Have you ever gotten onto an elevator and realized, once the door shut, that somebody standing right next to you had doused himself with Axe body spray? If not, consider yourself lucky. If you have, then you know how unpleasant scent overload can be. Well, it turns out that humans aren't the only ones who feel that way. Dr. Laurence Zwiebel, a neuroscientist, molecular biologist, and entomologist at Vanderbilt University, has discovered that mosquitoes don't like it any more than we do, and he's using that fact to develop a powerful tool against malaria.
No disease in history has been more deadly than malaria. Some scientists estimate that it's killed half the people who have ever been born. That's a lot of damage - and it's all been done by one animal: the Anopheles mosquito, especially An. Gambiae, a species that prefers humans to any other animal when dinnertime comes around. The advent of insecticide-treated bed nets means they're not nearly the threat today than they used to be; in the last 20 years, malaria deaths have fallen by half. But the half that remains is huge: last year, malaria killed almost half a million people, the majority of them young children. What's more, in 2016, for the first time in decades, there were more cases of malaria than there had been the year before. Mosquitoes are developing resistance to the insecticides that have kept them in check.
But we don't have to kill mosquitoes to keep them from infecting us with malaria. Dr. Zwiebel has found a way to leave the mosquitoes alive while making them find humans much less appetizing. When we started working with Dr. Zwiebel, he'd been studying An. Gambiae for some time, and he'd already helped discover how humans' scent makes us so attractive to the mosquito. In 2005, when he and his colleagues received one of the original Grand Challenges in Global Health grants, they began taking the mosquito's olfactory system apart molecule by molecule, screening for new compounds that could attach themselves to the insect's smell receptors - essentially, looking for ways to disrupt the proteins on mosquitoes' antennae so that when hunger pangs struck they didn't head right for the nearest human.
They shouldn't have succeeded. To begin with, the Vanderbilt team was using a chemical library designed more for injectable drugs rather than insect repellents, and the cell-culture system they were using was optimized not for odor receptors but for pharmacological study. But, against all odds, they found a substance that did what they were hoping for - and it's ten thousand times more powerful than the spray you and I use to make sure we don't get bitten by insects at a picnic.
The typical bug repellent you buy at the store works by blocking the insect's olfactory system, confusing its sense of smell so that it has trouble detecting humans. VUAA (Vanderbilt University Allosteric Agonist), on the other hand, turns the mosquito's olfactory system all the way on, completely overwhelming its sense of smell. Imagine you're hungry and you see something that looks like a hamburger. Regular repellents would either remove its scent or, more likely, make it smell like something you couldn't identify, and you'd be suspicious enough to go for a hot dog instead. VUAA, on the other hand, would make the hamburger stink to high heaven - and send you running away as far and as fast as you could go. That's why they call it an "excito-repellent."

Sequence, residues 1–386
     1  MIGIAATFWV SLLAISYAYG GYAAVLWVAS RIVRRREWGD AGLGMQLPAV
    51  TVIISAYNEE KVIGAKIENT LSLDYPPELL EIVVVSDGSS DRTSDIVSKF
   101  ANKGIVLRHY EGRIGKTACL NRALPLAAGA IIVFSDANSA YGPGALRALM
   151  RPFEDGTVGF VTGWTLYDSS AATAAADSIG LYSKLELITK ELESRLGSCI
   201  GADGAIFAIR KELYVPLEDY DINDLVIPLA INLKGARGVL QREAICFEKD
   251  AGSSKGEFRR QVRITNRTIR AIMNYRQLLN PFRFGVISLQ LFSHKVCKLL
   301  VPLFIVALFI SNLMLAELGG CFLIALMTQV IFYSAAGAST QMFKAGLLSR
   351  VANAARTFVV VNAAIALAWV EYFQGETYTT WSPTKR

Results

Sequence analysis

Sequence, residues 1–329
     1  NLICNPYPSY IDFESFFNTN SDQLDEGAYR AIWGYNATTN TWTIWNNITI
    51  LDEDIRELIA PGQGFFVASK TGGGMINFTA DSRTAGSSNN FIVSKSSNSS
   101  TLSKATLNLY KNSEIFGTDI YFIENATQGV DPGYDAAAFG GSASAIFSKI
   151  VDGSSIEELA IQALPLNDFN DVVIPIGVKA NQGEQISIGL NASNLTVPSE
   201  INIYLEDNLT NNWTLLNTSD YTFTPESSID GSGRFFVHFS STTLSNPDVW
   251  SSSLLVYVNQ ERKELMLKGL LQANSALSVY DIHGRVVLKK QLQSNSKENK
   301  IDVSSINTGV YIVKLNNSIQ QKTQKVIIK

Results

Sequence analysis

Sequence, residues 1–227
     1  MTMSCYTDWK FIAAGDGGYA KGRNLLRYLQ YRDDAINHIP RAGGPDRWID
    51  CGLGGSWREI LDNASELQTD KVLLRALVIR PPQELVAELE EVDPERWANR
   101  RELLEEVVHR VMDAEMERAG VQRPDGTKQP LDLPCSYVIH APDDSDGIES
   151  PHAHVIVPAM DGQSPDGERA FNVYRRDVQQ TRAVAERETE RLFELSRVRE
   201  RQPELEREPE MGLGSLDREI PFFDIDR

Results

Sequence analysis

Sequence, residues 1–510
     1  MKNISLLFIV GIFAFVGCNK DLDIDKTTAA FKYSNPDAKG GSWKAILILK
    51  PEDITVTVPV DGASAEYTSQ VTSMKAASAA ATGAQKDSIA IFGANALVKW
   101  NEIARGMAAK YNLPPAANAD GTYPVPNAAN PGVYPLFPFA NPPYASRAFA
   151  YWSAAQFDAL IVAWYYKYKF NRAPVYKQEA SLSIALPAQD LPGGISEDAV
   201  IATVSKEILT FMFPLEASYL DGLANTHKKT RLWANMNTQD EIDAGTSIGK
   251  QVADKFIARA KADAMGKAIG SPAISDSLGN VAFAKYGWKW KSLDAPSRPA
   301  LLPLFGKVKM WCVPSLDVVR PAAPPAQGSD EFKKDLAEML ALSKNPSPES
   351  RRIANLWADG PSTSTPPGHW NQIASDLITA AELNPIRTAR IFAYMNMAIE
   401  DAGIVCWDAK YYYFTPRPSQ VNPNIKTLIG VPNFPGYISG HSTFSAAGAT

But the compound had an even bigger surprise in store: unlike DEET and other standard repellents, which target smell receptors found in some insects, VUAA targets a set of "partner" receptors that the mosquito shares with every other insect alive - and, just as important, with no animals that aren't insects. (This secondary set of receptors was discovered by two researchers who went on to receive a Grand Challenges in Global Health grant to study how to turn those receptors off.) Dr. Zwiebel and his colleagues didn't just discover a powerful mosquito repellent. They discovered an entirely new way to repel insects - all insects.
Zwiebel didn't stop with decoding the mosquito's olfactory system and discovering VUAA. With a Grand Challenges Explorations (GCE) grant to address disease transmission by mosquitoes biting outdoors, he worked to formulate the compound into something people could wear, whether it's in a shirt, a bracelet, or something else. In the middle of that grant, he went to a meeting of other GCE grant recipients, where he happened to meet representatives from GearJump - a company that makes wearable insect repellents and the recipient of a parallel GCE grant. They hit it off, and now they're working together to turn VUAA into something you and I - and a lot of people in areas where malaria is endemic - might be able to wear one day. Just as important, he's opened the door for scientists on a whole new way to protect us from the deadliest animal on earth.